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September 23, 2009

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With the hypocrisy that is essential to moderrn conservatism most Republican politicians opposed the stimulus while supporting the money that came into their own state. A few actually tried to block the money but the rejection was more symbolic than real. Palin, for example, made a lot of noise about how harmful it would be to accept the money while accepting most of it.

I really don't think there is a conservative philosophy unless the partisan pursuit of power through demogogery to serve the rich constituutes a philosophy .

It's important to remember, however, that troops aren't "resources".... You can play therapy session all day with the stimulus opposition if you want. But not with the lives of troops -- they didn't sign up to make the Kagan family feel good about themselves.

Feh. "The troops" are a tool for these people. Tools don't have families or friends. When they break they are discarded and replaced. If a meaningless show of support for the tools is useful for political purposes, then it will be done (AmericaSupportsYou™). Otherwise, they could give fnck-all about the troops, so I don't know why you even bother.

What is often missing from the whole conservative-versus-liberal debate is that so much of what is being labeled as conservatism in America is really reactionary in character. The kernel of conservatism, at least in the classical sense most recognizable in a thread from Locke and Hume through Burke and beyond, has been sharred beyond repair in the GOP, and isn't being re-threaded by the right as a whole. This isn't new, either - the Republicans have been a reactionary rather than a truly conservative party in the ideological sense for some time, beginning with Nixon's Southern strategy which first bore fruit with Reagan, ripened with the Contract With America and metastasized with post-9/11 Bush. At every step, the Republicans gave the right everything it wanted, to the point where the right took it all for granted.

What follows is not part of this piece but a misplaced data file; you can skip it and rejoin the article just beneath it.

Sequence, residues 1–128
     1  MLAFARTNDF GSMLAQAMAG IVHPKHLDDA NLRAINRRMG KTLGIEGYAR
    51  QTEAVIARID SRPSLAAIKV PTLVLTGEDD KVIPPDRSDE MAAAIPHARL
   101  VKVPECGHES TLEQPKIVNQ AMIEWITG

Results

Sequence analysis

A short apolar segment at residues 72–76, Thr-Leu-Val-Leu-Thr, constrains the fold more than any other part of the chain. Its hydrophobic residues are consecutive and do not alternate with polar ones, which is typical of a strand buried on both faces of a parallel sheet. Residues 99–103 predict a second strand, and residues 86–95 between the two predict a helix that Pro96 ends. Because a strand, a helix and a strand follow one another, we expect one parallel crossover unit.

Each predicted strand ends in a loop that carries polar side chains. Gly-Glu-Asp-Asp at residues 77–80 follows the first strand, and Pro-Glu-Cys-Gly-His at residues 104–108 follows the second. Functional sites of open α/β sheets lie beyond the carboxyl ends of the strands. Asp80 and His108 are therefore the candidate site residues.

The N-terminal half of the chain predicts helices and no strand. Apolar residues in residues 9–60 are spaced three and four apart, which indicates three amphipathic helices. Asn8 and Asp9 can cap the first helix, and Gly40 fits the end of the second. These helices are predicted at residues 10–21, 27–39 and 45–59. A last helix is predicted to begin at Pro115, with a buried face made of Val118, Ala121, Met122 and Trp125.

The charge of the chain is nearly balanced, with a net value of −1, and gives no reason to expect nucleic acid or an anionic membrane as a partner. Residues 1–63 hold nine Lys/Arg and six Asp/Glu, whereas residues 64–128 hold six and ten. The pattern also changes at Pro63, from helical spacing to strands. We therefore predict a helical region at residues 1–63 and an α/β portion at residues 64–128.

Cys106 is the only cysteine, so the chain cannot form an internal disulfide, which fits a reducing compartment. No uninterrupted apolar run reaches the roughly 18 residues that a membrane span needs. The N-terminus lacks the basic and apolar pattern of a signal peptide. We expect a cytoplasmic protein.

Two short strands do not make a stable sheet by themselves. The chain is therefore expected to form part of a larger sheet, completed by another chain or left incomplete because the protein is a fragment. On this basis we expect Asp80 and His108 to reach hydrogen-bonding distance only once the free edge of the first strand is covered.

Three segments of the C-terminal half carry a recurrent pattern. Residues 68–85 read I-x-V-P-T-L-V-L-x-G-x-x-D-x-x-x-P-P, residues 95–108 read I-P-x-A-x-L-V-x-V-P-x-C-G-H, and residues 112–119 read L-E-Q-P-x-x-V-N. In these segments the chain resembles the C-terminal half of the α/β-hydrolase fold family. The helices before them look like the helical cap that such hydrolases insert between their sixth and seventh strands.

What I would like to see is this dichotomy being called more for what it really is a polarization of - between conservative and reactionary, because if there were a true liberal party in the U.S., we would not have blundered our way into Afghanistan with a current commander whose complicity in Abu Ghirab is still an open question, nor would we still be handwringing over health care reform, because it would already have been done, and done so better than what it's been. The GOP's greatest contribution to the American political landscape over the last 30-odd years has been to poison the civic sense of most Americans, and to position the Democrats as the true conservative party of America by fiat.